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prisoner in Spain, not for six feet of cold ground upon Putney Heath.



Oct. 31.

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(From the British Press, Nov. 1.} MR. EDITOR, AL LTHOUGH I was much gratified by the account

given in your paper of Thursday last of the various scenes of rejoicing which the metropolis exhibited on the occasion of His Majesty's entering on the goth year of his reign, yet I confess I felt somewhat surprised at your not noticing, in your description of the illuminations, several transparencies, which attracted very general observation, and of some of which I have taken the liberty to send you a sketch. Johnson's Court, Oct. 31.

The front of Mr. P-s-col's house displayed a trang-
parency of considerable size.- At a distance it seemed
to represent Atlas bearing the world upon his shoulders.
On a nearer view, however, that which, on a transient
glance, appeared intended for a delineation of the globe,
turned out to be nothing more than a circular shield,
divided into compartments; which, instead of the
names of kingdoms and states, bore the following in-
scriptions :
"Surveyor of the Meltings, and Clerk of the Irons in the

Mint.-Chancellor of the duchy of Lancaster.-Chancellor
of the Exchequer.-First Lord of the Treasury," &c.
Round the shield was inscribed the following motto:
6. Oh! that estates, degrees, and offices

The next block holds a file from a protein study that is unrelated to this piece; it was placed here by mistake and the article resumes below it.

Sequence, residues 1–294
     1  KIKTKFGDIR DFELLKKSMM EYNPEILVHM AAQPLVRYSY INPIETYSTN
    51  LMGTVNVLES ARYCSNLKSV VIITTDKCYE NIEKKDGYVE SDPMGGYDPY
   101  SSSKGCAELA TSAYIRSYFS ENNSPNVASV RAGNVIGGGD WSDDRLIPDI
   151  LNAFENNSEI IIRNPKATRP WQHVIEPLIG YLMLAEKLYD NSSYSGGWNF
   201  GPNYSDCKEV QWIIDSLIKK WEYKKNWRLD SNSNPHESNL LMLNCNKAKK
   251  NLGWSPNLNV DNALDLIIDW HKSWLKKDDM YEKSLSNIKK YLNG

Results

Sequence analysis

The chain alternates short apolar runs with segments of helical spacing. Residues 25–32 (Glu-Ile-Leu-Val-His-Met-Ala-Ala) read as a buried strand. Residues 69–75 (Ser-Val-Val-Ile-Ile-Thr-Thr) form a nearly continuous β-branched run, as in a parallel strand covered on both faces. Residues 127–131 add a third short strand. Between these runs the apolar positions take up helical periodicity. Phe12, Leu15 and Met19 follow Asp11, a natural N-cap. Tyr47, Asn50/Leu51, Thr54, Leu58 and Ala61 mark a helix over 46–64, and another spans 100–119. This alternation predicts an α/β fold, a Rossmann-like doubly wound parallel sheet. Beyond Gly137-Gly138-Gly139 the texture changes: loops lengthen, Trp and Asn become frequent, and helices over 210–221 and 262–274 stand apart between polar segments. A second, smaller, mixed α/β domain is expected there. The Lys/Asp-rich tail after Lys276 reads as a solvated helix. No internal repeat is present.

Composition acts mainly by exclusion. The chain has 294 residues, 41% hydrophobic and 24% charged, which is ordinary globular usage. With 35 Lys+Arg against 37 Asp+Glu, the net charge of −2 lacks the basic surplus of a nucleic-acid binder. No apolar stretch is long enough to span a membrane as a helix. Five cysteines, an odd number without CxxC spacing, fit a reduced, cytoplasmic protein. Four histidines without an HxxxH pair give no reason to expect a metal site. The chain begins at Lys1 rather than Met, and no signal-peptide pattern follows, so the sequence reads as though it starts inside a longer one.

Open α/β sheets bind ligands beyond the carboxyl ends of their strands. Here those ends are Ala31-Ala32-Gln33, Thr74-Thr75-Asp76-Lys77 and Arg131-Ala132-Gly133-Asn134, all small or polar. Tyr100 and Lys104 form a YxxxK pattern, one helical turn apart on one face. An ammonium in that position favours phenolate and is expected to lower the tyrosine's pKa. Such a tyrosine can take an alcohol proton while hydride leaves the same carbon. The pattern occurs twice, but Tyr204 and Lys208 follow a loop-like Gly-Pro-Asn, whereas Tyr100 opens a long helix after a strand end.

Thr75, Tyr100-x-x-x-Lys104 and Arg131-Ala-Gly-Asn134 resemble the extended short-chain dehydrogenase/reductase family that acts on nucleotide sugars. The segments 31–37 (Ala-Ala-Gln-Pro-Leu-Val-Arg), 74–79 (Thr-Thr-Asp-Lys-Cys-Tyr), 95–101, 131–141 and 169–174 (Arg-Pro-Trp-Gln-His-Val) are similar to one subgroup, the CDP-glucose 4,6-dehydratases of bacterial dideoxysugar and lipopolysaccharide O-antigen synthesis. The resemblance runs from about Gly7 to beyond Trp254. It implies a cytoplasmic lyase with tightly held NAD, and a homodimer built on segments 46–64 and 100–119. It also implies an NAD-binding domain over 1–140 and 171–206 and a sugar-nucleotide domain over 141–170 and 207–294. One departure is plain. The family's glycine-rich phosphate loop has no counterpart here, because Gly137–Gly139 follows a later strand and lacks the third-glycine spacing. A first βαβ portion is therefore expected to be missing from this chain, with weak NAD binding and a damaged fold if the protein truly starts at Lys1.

Were not deriv'd corruptly! and that clear honour
W'ere purchas'd by the merit of the wearer!
How many, then, should cover, that stand bare;
How many be commanded, that command !"

The design of this painting was very bad, and excited general contempt. The figure bearing the shield



296 ILLUMINATIONS EXTRAORDINARY. seemed totally inadequate to the burden, and absolutely tottering under it. The whole being lighted by candleends, had a very sombre appearance.

The Earl of Chi-t-m's residence was nearly covered by two paintings. The first (over which were written the words Parturiunt montes) represented the disembarkation at Walcheren. The troops appeared in the most spirited attitudes, as if ardently desiring to signalize themselves, and impatient-for the completion of the “ ulterior objecis” of the Expedition. In the distance, Sir W. Curtis's barge was distinguishable, with an unormous turtle hanging from the stern. The second (which was inscribed Nascitur ridiculus mus) exhibited a view of the interior of IValcheren, after the Commander in Chief had left “ his brave companions :” and, instead of an army burning with ardour to micet the foe, presented to the eye a gloomy prospect. of the dead and dying-a perfect GolgothaHere the insidious dysentery triumphed-there the typhus reared its horrid head and, in a third quarter, the ague seized his victims.--The scene was terminated by a distant view of South Beveland, on which a num. ber of French soldiers were observable.-They seemed waiting till the mortality at Walcheren should place that island in their possession, without the trouble of fighting ! Underneath 1 observed the following lines from Homer's Iliad :

" Ye Gods! what wonders bas Ulysses wrought! What fruits his conduct and his courage yieldGreat in the council, glorious in the field?" This transparency having rather a showy appearance, when not strictly examined, attracted many spectators; but they uniformly retired, horrified at the subject and disgusted with the management of the piece!

By a singular coincidence, the houses of Lords Grey and Grenville exbibited a similar transparency,The



297 subject was Cincinnatus cultivating his paternal farm with the inscription

“ When vice prevails, and impious men bear sway, The post of honour is a private station!.